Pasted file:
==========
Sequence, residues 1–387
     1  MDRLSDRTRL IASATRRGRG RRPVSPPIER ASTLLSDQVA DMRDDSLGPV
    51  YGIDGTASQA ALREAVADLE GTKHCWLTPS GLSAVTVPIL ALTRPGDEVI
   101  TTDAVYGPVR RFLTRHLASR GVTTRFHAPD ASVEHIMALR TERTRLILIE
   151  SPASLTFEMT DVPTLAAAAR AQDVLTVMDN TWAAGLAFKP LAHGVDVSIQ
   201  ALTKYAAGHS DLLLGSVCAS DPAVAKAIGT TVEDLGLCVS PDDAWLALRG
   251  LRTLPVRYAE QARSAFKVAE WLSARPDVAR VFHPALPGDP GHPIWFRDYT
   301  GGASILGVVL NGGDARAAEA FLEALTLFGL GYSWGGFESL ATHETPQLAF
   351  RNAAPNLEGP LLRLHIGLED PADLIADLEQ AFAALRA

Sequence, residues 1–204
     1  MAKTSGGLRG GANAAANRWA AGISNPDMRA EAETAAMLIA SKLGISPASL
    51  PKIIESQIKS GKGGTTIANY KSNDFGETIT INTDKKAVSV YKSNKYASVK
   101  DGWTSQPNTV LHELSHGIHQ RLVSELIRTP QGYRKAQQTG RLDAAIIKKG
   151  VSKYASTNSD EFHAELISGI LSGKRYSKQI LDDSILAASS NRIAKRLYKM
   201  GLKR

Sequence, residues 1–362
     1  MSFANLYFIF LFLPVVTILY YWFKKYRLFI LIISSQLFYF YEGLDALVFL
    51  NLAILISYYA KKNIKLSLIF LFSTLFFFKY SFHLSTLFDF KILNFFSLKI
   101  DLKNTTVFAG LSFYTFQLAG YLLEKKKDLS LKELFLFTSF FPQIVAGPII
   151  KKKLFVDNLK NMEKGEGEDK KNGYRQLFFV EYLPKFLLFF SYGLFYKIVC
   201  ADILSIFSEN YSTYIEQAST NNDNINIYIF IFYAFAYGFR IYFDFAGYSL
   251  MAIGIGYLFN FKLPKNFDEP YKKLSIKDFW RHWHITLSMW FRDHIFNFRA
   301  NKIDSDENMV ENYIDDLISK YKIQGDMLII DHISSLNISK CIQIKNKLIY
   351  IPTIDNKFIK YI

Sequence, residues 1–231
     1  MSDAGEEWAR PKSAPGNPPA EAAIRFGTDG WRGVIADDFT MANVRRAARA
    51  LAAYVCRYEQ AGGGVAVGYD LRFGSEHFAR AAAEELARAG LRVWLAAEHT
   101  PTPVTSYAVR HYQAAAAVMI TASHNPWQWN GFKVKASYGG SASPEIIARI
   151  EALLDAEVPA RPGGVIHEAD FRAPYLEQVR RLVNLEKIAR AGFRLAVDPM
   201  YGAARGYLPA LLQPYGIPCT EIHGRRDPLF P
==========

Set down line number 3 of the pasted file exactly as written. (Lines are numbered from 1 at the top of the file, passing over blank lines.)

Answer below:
    51  YGIDGTASQA ALREAVADLE GTKHCWLTPS GLSAVTVPIL ALTRPGDEVI